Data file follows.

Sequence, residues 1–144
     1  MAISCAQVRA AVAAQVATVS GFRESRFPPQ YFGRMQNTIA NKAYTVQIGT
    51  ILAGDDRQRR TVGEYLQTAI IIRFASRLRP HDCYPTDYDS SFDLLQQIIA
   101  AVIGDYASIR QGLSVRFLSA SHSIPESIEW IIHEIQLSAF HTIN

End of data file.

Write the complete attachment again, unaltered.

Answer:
Sequence, residues 1–144
     1  MAISCAQVRA AVAAQVATVS GFRESRFPPQ YFGRMQNTIA NKAYTVQIGT
    51  ILAGDDRQRR TVGEYLQTAI IIRFASRLRP HDCYPTDYDS SFDLLQQIIA
   101  AVIGDYASIR QGLSVRFLSA SHSIPESIEW IIHEIQLSAF HTIN